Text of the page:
VIII. A GLIMPSE OF TENDENCIES
Really the dullest foreigner could not have believed that a people of forty millions, uniting all their energies to achieve absolute national independence, would remain content to leave the management of their country's import and export trade to aliens, - especially in view of the feeling in the open ports. The existence of foreign settlements in Japan, under consular jurisdiction, was in itself a constant exasperation to national pride, - an indication of national weakness. It had so been proclaimed in print, - in speeches by members of the anti-foreign league, - in speeches made in parliament. But knowledge of the national desire to control the whole of Japanese commerce, and the periodical manifestations of hostility to foreigners as settlers, excited only temporary uneasiness. It was confidently asserted that the Japanese could only injure themselves by any attempt to get rid of foreign negotiators. Though alarmed at the prospect of being brought under Japanese law, the merchants of the concessions never imagined a successful attack upon large interests possible, except by violation of that law itself. It signified little that the Nippon Yusen Kwaisha had become, during the war, one of the largest steamship companies in the world; that Japan was trading directly with India and China; that Japanese banking agencies were being established in the great manufacturing centres abroad; that Japanese merchants were sending their sons to Europe and America for a sound commercial education. Because Japanese lawyers were gaining a large foreign clientele; because Japanese shipbuilders, architects, engineers had replaced foreigners in government service, it did not at all follow that the foreign agents controlling the import and export trade with Europe and America could be dispensed with. The machinery of commerce would be useless in Japanese hands; and capacity for other professions by no means augured latent capacity for business. The foreign capital invested in Japan could not be successfully threatened by any combinations formed against it. Some Japanese houses might carry on a small import business, but the export trade required a thorough knowledge of business conditions on the other side of the world, and such connections and credits as the Japanese could not obtain. Nevertheless the self-confidence of the foreign importers, and exporters was rudely broken in July, 1895, when a British house having brought suit against a Japanese company in a Japanese court, for refusal to accept delivery of goods ordered, and having won a judgment for nearly thirty thousand dollars, suddenly found itself confronted and menaced by a guild whose power had never been suspected. The Japanese firm did not appeal against the decision of the court: it expressed itself ready to pay the whole sum at once - if required But the guild to which it belonged informed the triumphant plaintiffs that a compromise would be to their advantage. Then the English house discovered itself threatened with a boycott which could utterly ruin it, - a boycott operating in all the industrial centres of the Empire. The compromise was promptly effected at considerable loss to the foreign firm; and the settlements were dismayed. There was much denunciation of the immorality of the proceeding(1). But it was a proceeding against which the law could do nothing; for boycotting cannot be satisfactorily dealt with under law; and it afforded proof positive that the Japanese were able to force foreign firms to submit to their dictation, - by foul means if not by fair. Enormous guilds had been organized by the great industries, - combinations whose moves, perfectly regulated by telegraph, could ruin opposition, and could set at defiance even the judgment of tribunals. The Japanese had attempted boycotting in previous years with so little success that they were deemed incapable of combination. But the new situation showed how well they had learned through defeat, and that with further improvement of organization they could reasonably expect to get the foreign trade under control, - if not into their own hands. It would be the next great step toward the realization of the national desire, - Japan only for the Japanese. Even though the country should be opened to foreign settlement, foreign investments would always be at the mercy of Japanese combinations.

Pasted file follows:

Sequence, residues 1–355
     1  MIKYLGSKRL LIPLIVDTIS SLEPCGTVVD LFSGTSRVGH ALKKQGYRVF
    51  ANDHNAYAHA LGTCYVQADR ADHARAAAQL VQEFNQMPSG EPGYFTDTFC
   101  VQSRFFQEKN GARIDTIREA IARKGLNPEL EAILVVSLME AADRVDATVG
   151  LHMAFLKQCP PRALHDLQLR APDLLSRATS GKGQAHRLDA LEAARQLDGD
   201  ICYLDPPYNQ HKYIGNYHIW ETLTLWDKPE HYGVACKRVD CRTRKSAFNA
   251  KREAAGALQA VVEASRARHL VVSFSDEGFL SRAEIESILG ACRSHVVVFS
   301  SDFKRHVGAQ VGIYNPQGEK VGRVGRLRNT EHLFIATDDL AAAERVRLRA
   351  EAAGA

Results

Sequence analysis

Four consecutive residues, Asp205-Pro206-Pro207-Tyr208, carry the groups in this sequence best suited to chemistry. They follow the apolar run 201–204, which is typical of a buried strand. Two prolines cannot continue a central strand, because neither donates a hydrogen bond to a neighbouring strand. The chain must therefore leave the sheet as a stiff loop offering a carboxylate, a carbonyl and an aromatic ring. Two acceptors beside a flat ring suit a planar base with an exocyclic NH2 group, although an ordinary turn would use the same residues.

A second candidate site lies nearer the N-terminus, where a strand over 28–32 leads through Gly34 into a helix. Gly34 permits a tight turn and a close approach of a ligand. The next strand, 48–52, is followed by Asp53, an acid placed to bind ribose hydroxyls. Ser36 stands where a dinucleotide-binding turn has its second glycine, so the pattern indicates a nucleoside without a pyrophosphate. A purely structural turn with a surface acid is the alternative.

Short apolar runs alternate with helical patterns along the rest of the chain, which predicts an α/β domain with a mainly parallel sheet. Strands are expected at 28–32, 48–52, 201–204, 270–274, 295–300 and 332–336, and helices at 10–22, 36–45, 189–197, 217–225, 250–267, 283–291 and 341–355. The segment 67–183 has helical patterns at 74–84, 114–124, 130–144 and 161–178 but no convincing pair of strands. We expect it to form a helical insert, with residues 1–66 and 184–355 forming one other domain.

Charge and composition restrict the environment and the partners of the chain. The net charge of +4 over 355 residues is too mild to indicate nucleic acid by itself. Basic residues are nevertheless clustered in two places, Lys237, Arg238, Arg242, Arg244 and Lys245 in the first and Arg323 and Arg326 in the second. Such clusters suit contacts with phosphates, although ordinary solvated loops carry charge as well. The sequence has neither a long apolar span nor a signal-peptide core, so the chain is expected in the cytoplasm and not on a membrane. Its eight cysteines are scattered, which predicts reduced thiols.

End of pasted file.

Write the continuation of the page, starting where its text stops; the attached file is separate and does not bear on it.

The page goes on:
(1) A Kobe merchant of great experience, writing to the Kobe Chronicle of August 7, 1895, observed: - "I am not attempting to defend boycotts; but I firmly believe from what has come to my knowledge that in each and every case there has been provocation irritating the Japanese, rousing their feelings and their sense of justice, and driving them to combination as a defense."